It is hard to understand why anyone would take the time and effort to any kind of material that would attempt to make light of this kind of situation, or even to mock it. When reading about that case in particular, I began thinking of what that must have been like for that young man's parents to go through. No one should have to experience a tragedy like that, and then, in addition to dealing with the loss of loved one, have to feel the pain of online bullying by trolls.

"Where Annoymity Breeds Contempt" (Julie Zhuo) describes what is called the "online disinhibition effect". In simpler terms, the idea of being anonymous increases unethical behavior on the Internet. Trolls feel that they can say what they want online and will not have to face the consequences of their actions because it is difficult to trace and track down the person behind the keyboard. Many people do not like confrontation in person, however, by posting comments anonymously online these users feel empowered by posting whatever they'd like, without having to say it in person - or even with their real name attached to the statement. Many people engage themselves "socially" online more than they do in real life (face-to-face interactions). I think that this ability to be free and open with opinions, good or bad, has contributed to the phenomenon of "trolling".

Zhuo's soltuion? "Let's start to rein in bad behavior by promoting accountability". She suggests that content providers put an end to anonymous comments, and forums should be moderated and checked routinely for inappropriate comments. She offers up the idea of using a comment service. She also suggests encouraging other users to report trolls.

While I agree with Zhuo that something needs to be done to put an end to the trolls that engage in online harassing, I do not know if it is as easy as it looks. For example, it would be almost near to impossible for some content providers to moderate the quantity of comments they receive. Also, some sites do not allow you to post comments unless you are logged into an account - however, this does not necessarily mean you will provide accurate information when you set up this said account. You could use a fake name, email, etc. and this also makes it hard to hold someone accountable. Even if other users report your comments as inappropriate and your account is shut down, what is going to stop your from creating a new fake account? It could very well be a continuous cycle.

In one of my other classes, we briefed the Supreme Court case Zeran v. AOL - in which Zeran is defamed by false comments posted by an anonymous user and although he reports these comments, the damage was already done. Zeran's home telephone number was posted online, and he received a call about every minute and a half - which in turn, affected his business because he could not conduct business properly when he was constantly receiving phone calls based on a false online post. Once the number was out, even removing the post does not reverse the damage. The Court found that the provider (AOL) cannot be responsible for the third party postings.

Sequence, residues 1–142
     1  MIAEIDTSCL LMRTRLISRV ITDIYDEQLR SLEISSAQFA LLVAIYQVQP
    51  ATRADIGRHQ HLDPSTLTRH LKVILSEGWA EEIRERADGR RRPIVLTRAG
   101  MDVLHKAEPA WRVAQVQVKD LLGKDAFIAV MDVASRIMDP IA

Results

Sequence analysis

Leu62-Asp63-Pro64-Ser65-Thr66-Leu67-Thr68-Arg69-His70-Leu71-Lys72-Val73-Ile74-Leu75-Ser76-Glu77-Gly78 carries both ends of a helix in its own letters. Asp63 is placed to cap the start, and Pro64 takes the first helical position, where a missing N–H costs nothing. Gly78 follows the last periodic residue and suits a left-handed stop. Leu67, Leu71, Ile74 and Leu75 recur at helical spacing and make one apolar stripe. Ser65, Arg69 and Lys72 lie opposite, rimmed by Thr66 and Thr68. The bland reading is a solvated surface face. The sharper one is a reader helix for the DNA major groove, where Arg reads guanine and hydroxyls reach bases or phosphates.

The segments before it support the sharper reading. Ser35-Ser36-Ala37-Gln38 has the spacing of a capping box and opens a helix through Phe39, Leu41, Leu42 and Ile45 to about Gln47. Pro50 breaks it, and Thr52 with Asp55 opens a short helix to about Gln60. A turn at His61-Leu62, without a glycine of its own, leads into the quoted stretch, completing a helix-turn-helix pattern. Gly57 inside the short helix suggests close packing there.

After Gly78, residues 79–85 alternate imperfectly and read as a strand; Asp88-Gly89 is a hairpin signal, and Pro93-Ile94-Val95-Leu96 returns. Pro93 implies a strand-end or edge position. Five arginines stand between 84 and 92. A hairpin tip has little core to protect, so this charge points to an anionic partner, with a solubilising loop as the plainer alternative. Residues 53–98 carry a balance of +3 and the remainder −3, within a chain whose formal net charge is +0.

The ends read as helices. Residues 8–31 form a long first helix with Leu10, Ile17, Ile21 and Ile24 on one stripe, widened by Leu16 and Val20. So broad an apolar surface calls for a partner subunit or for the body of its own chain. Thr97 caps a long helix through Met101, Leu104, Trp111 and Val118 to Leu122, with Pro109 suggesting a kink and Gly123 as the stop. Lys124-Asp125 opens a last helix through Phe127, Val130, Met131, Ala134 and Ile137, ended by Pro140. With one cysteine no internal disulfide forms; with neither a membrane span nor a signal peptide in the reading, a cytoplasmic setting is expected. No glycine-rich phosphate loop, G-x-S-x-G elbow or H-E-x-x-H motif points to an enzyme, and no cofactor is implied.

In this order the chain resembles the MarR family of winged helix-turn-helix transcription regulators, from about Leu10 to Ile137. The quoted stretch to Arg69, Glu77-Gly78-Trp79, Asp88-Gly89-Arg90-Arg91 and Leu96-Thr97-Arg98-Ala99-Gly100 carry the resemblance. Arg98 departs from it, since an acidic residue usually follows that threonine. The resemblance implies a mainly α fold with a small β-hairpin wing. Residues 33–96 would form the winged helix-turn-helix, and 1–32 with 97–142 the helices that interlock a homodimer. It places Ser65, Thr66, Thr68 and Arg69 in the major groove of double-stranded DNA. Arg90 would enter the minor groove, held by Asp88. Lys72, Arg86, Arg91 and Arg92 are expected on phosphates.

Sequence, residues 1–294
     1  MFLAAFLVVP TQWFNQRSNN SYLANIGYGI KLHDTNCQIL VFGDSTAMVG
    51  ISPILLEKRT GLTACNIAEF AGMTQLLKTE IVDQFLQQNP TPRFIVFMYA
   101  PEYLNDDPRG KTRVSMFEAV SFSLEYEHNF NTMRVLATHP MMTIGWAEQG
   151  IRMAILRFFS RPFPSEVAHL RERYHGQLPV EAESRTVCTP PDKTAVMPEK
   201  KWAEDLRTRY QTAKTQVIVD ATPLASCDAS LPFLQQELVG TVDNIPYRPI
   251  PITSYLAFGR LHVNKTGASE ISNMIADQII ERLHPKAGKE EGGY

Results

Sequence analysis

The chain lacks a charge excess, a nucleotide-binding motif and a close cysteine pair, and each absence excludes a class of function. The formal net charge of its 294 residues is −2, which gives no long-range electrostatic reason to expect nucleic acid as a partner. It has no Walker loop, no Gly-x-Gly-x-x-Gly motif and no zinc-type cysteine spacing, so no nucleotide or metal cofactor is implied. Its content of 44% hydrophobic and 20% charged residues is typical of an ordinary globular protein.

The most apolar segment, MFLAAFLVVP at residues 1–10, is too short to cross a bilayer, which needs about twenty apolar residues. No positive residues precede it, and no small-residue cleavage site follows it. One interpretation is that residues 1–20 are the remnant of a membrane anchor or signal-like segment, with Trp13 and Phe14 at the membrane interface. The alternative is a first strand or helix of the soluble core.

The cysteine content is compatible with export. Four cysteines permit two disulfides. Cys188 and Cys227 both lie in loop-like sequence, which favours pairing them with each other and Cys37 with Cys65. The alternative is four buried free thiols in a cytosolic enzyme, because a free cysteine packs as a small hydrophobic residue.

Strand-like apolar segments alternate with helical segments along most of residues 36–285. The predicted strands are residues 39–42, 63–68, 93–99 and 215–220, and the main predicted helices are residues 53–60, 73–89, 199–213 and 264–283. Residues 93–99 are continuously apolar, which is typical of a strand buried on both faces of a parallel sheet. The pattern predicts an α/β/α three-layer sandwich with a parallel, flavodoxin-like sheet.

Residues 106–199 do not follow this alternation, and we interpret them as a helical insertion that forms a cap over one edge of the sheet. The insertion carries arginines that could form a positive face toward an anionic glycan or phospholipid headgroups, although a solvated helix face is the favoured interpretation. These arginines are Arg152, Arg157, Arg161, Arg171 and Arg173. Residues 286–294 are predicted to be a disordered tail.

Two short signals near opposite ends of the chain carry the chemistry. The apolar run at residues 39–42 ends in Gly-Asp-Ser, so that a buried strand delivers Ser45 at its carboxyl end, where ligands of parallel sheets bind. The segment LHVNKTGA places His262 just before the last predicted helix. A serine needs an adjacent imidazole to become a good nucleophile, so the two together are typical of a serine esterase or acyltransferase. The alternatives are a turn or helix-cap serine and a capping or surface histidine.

I think that the most effective way to put a halt to this behavior would be through stalking, bullying, and harassment laws. Some trolling comments, like I said before, are easy to dismiss. You can choose to ignore some of the comments. For example, my team has had routines on YouTube and some people will comment and say "this is stupid" or "you guys shouldn't have placed". It is easy for me to take the high road and ignore those kind of comments. I have learned to accept criticism, and that's one thing. But when people are being bullied or harassed online, such as in the case Schwartz described when a young man committed suicide and trolls posted comments and material online to mock him - this should not be ignored.

If stalking, bullying, and harassment laws were present everywhere and held people accountable, I believe this would reduce these kinds of posts because people would fear that it could be tracked back to them. The law would be able to hold them accountable.


I believe that being anonymous online can be both a good and a bad thing. From what we have read we have seen the negative effects which are referred to as trolling. Trolling has came up and any comment section or forum on the internet over time and is very unnecessary. It seems as though people have nothing better to do than to go and ruin someone else days with uncalled for comments.

A positive effect of being anonymous online is being able to be someone you always wanted to be but never were able to. Or being able to express your opinion on something that you wouldn't normally. Being anonymous allows people to be more comfortable with what they say and their actions online because no one can find out who they are easily which leads to the fact that your friends or anyone around you can't judge based on those opinions.

This same thing is what also allows for trolling to happen. These people can go and post anything they want without the risk of being easily found or tracked down. I believe that those doing this are also doing it for the attention. Think about all the articles and situations caused by these post and how the public looks at them and discusses them. The trolls then can sit back and see what they have caused and get enjoyment out of it. I feel that if there was less attention to come from it then there would be less of it. So in my mind to be able to help fight it off we should apply monitors on commented sites to delete the posts but also not give them any recognition to show that they bother us.